The Daily Telegraph will release the "relevant transcripts" to the Football Association following its investigation into alleged football corruption in which England manager Sam Allardyce was targeted by undercover reporters.
Allardyce appeared to tell reporters - who he believed to be representatives of a Far East firm - that it was "not a problem" getting around FA rules which stop third parties "owning" football players' economic rights.
A spokesperson for The Daily Telegraph said: "These run to many hundreds of pages so will take some time to collate.
"In line with our investigations protocol, some material has already been passed to the police."
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England manager Sam Allardyce has finished his meeting with the FA at Wembley.
No decision has yet been made, ITV News Sports Editor, Steve Scott reports.
England's new coach was filmed by The Telegraph allegedly negotiating a consultancy deal with undercover reporters purporting to represent a Far East firm.
Several influential MPs have told ITV News that if the claims about England manager Sam Allardyce are true, then he must resign or be fired.
ITV News political correspondent Paul Brand writes that one MP on the British parliament's Culture, Media and Sport Committee texted him saying: "Sam should be sacked if proved - shows level of greed at the top of football, he is very well paid as England boss and should be full time - is that not enough for him?"
"Of course, MPs don't run English football," Brand adds. "But political pressure is important when it comes to high-profile appointments like this. If parliament turns against Allardyce, that could be a nail in his coffin."
Sam Allardyce "will be sacked" as England manager if allegations he advised businessmen how to circumvent rules on third party ownership of players are true.
ITV News Sports Correspondent Ian Payne said it will be very difficult for the FA not to part company with the 61-year-old unless he has a "really robust explanation".
Allardyce is reportedly under investigation by the football governing body over the claims and accusations he abused his role to negotiate a £400,000 financial deal.
"If he's got a really robust explanation and lots of things happened off camera that weren't caught, then perhaps", Ian Payne told ITV Lunchtime News.
"But honestly, I can't see any way in which the FA can continue with Sam Allardyce if these allegations are true - I think he'll be sacked".
Arsenal manager Arsene Wenger said it is time to "clear up" the issue of third party ownership (TPO) in football.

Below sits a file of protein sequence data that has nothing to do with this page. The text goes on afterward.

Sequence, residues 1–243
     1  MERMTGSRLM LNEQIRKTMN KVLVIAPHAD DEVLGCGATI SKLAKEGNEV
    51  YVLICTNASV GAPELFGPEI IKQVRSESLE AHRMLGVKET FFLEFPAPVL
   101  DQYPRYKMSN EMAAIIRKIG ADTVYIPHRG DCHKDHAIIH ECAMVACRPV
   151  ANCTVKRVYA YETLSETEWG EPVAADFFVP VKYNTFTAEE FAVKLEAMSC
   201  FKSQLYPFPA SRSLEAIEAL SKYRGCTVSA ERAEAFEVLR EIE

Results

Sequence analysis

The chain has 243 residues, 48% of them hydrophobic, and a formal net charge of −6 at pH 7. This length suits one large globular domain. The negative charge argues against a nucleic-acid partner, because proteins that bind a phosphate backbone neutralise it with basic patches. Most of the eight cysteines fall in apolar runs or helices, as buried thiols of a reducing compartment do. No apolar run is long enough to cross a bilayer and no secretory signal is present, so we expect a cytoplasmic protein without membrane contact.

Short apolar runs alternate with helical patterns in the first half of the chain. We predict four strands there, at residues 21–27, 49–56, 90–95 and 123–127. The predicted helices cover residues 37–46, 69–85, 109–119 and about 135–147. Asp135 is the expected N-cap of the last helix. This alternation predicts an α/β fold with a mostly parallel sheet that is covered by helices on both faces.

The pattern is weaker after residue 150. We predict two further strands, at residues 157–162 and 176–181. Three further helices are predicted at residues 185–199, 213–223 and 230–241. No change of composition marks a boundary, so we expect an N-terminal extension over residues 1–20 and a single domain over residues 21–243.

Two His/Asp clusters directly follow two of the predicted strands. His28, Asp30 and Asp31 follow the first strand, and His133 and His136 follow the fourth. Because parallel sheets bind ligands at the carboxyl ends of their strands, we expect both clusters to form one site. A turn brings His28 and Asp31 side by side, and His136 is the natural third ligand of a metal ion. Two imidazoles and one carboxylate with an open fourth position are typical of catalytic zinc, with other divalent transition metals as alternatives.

The Frenchman said he had fought against TPO for a "long, long time", which was banned in England by the FA in 2008 but remains allowed in some European countries.
Wenger made the comments in the wake of accusations being leveled at England manager Sam Allardyce of "advising" businessmen how to circumvent the rule.
Allardyce now reportedly finds himself under investigation by the FA.
"Third party ownership should not be allowed. I fight against it for a long, long time," Wenger said.
"The clubs should all possess 100% of their players but I cannot tell you anything about this story because I don't know anything about it."
Arsenal midfielder Francis Coquelin has been ruled out for three weeks with a knee injury.
He was forced off after sustaining the problem during Saturday's London derby win over Chelsea, and tests have revealed the injury isn't as serious as the Gunners first feared.
Coquelin will miss Wednesday's Champions League tie with Basel and the Premier League fixtures against Burnley and Swansea.
There is a chance he could return for next month's visit of Ludogorets Razgrad, but the home game against Middlesbrough on October 22nd is a more realistic target.
Sam Allardyce is being "investigated" by the FA over allegations he used his role to negotiate a £400,000 deal, ITV News understands.
The England boss, who has only been in charge of one match since his appointment in July, is also being probed over claims he offered "advice" about how to get around rules on player transfers.
Allardyce, 61, was filmed by The Telegraph allegedly negotiating a consultancy deal with undercover reporters purporting to represent a Far East firm.
He told the "businessmen" how to bypass the "ridiculous" transfer rules, established in 2008 by the Football Association, prohibiting third parties from owning players, it is claimed.